The Kingdom of Bhutan is a South Asia country, which lies on the eastern Himalayas, bordered by Tibet (China) in the north and India in the south. Bhutan is also called ‘Druk Yul” – The Land of The Thunder Dragon by its people from the 17th century. Bhutan has the population of around 797,000 (2016 data). The capital is Thimphu, which is located in the western central part of the country. Due to its location on the rooftop of the world, not many tourists have had the opportunity to explore Bhutan, which keeps the land remains as a new and mysterious tourism destination.

The Himalayas are spread across Bhutan. In Bhutan, the highest mountain is Gangkhar Puensum. With an elevation of 7,570 meters (24,840 ft), it is a strong candidate for the highest unclimbed mountain in the world. The mountain’s name means “White Peak of the Three Spiritual Brothers”.

Bhutan is blessed with a diverse environment and the Government has done well in preserving the nature and caring for wildlife. Thousands of rare and endangered species can be seen in this country, and some of them only live in Bhutan. Forests cover around 72% of the country, giving animals and plants here ideal habitats to grow and develop. The lush valleys and enormous mountains create a stunning nature for Bhutan. The pristine environment is why Bhutan is called the Last Shangri La – beautiful, charming and mystic.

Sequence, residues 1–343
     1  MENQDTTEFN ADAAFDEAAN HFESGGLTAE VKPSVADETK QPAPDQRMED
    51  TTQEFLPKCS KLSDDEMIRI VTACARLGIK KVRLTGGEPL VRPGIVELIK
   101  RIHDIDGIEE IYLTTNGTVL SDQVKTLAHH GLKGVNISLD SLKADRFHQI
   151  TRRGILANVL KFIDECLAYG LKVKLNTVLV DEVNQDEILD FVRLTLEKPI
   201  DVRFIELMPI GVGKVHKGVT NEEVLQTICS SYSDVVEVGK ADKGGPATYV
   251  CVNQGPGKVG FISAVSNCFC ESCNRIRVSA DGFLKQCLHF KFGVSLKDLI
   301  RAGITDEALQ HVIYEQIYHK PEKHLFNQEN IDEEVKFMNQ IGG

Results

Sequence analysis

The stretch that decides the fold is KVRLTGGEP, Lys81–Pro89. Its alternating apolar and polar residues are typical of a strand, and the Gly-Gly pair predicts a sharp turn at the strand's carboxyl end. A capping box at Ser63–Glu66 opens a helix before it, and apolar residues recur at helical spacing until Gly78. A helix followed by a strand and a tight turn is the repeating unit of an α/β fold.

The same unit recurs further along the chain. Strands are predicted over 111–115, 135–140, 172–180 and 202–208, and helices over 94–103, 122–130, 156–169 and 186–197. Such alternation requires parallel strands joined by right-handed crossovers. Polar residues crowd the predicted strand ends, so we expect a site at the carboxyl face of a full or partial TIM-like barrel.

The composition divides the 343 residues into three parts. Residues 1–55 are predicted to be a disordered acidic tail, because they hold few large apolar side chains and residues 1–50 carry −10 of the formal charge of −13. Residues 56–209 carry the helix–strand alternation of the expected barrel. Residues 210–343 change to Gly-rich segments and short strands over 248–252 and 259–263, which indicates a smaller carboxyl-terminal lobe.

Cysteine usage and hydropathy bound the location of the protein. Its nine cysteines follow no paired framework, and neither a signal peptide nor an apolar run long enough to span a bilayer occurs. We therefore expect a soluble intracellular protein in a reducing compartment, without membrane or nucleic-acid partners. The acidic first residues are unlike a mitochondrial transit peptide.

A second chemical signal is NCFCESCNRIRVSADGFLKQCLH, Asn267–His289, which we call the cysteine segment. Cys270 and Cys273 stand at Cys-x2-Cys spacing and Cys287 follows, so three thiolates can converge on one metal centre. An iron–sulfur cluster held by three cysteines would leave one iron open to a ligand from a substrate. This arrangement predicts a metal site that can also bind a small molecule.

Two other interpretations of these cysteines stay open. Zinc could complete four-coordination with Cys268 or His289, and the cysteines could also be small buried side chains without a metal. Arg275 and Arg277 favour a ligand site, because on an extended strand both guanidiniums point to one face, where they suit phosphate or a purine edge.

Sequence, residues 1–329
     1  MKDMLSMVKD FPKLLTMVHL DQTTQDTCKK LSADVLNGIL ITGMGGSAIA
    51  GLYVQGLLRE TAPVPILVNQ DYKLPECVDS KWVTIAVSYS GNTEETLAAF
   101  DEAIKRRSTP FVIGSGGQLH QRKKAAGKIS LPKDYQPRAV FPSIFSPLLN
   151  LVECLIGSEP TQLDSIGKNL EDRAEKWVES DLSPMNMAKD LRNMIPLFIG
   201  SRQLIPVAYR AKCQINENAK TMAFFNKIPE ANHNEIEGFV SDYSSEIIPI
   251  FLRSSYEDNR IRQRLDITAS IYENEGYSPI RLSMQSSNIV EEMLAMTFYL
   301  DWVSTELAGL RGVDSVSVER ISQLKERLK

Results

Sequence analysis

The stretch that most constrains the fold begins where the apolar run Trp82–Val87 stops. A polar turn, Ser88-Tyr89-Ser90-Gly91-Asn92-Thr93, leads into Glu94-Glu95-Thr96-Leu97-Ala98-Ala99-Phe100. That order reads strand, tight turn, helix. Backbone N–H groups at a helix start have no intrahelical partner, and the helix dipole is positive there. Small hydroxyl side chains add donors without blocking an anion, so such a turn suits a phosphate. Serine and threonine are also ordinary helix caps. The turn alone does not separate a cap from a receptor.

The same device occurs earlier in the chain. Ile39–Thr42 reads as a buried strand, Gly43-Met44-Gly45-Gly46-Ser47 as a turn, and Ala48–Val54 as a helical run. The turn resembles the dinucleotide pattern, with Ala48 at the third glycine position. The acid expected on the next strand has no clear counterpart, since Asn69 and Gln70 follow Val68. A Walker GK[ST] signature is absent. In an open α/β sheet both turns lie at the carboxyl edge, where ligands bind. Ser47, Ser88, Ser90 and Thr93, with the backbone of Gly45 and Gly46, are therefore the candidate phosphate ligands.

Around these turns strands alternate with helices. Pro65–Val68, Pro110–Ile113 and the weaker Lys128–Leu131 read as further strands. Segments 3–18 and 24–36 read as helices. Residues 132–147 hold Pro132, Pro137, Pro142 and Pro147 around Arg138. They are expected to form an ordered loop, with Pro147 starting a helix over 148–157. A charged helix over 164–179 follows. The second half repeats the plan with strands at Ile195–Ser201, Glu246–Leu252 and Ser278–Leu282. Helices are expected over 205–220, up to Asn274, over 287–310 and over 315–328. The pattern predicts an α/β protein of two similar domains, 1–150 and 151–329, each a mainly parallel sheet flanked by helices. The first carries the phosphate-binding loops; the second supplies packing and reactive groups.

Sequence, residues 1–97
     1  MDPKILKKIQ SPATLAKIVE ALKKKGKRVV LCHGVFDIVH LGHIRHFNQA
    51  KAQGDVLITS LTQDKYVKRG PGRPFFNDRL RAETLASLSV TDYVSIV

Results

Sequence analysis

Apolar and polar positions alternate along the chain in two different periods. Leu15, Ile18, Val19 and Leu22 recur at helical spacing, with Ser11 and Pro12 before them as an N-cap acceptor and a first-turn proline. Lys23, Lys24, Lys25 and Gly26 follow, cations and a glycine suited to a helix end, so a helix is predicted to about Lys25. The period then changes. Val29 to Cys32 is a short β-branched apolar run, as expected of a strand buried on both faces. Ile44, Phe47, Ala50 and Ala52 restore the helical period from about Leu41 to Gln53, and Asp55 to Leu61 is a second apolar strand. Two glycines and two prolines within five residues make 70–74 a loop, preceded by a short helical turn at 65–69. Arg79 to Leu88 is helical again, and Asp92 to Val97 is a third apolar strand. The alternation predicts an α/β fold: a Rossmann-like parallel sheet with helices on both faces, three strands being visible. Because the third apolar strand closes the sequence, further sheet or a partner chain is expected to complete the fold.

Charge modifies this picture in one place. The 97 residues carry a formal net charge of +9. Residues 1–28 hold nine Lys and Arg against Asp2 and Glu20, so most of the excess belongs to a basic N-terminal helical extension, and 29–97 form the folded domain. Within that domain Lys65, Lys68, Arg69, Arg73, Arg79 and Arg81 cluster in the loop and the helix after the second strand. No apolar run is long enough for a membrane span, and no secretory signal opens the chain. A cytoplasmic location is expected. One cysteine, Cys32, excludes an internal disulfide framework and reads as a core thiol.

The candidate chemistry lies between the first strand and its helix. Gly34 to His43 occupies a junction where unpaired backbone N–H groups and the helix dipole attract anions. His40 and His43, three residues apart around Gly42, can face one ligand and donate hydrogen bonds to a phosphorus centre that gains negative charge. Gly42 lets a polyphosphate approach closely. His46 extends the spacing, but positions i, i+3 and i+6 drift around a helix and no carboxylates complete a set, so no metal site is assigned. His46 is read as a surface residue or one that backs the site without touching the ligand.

The Bhutanese culture is unique, with Buddhism as the national religion. People here practice Buddhism daily. The Bhutanese enjoy a lively life and are warmhearted towards guests, even to perfect strangers. They mainly live in small villages, in isolated farms or some in tents, and wear their traditional clothes – a gho for men and a kira for women. Ancient monasteries, temples, chortens and Dzongs (fortresses) in Bhutan are the characteristics architectures, with the main purpose of practicing and teaching Buddhism for people. The silent and peaceful atmosphere at these places is the ideal destination for meditation to relax one’s mind. Their unique cultural heritage is expressed through festivals (Tshechu) with masked dance performances and other events that pass on the ancient stories to next generations. This is their way to protect the cultural values from outside influences while still open to modern development. These festivals attract many visitors to come and explore Bhutan each year.